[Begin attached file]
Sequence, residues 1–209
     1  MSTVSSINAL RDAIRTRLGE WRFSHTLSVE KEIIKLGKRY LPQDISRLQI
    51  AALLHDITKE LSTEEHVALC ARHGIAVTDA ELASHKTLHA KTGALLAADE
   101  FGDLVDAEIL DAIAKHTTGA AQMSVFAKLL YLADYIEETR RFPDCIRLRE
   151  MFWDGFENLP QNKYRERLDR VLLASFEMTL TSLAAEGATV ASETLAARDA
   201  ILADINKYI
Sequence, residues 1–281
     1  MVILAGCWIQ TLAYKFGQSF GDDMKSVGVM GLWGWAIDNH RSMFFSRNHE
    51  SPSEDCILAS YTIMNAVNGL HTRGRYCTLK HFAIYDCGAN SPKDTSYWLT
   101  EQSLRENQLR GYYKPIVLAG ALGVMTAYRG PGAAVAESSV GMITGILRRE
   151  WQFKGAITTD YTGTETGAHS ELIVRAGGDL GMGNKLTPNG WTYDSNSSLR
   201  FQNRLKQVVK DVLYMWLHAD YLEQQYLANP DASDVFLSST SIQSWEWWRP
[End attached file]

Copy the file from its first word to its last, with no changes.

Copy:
Sequence, residues 1–209
     1  MSTVSSINAL RDAIRTRLGE WRFSHTLSVE KEIIKLGKRY LPQDISRLQI
    51  AALLHDITKE LSTEEHVALC ARHGIAVTDA ELASHKTLHA KTGALLAADE
   101  FGDLVDAEIL DAIAKHTTGA AQMSVFAKLL YLADYIEETR RFPDCIRLRE
   151  MFWDGFENLP QNKYRERLDR VLLASFEMTL TSLAAEGATV ASETLAARDA
   201  ILADINKYI
Sequence, residues 1–281
     1  MVILAGCWIQ TLAYKFGQSF GDDMKSVGVM GLWGWAIDNH RSMFFSRNHE
    51  SPSEDCILAS YTIMNAVNGL HTRGRYCTLK HFAIYDCGAN SPKDTSYWLT
   101  EQSLRENQLR GYYKPIVLAG ALGVMTAYRG PGAAVAESSV GMITGILRRE
   151  WQFKGAITTD YTGTETGAHS ELIVRAGGDL GMGNKLTPNG WTYDSNSSLR
   201  FQNRLKQVVK DVLYMWLHAD YLEQQYLANP DASDVFLSST SIQSWEWWRP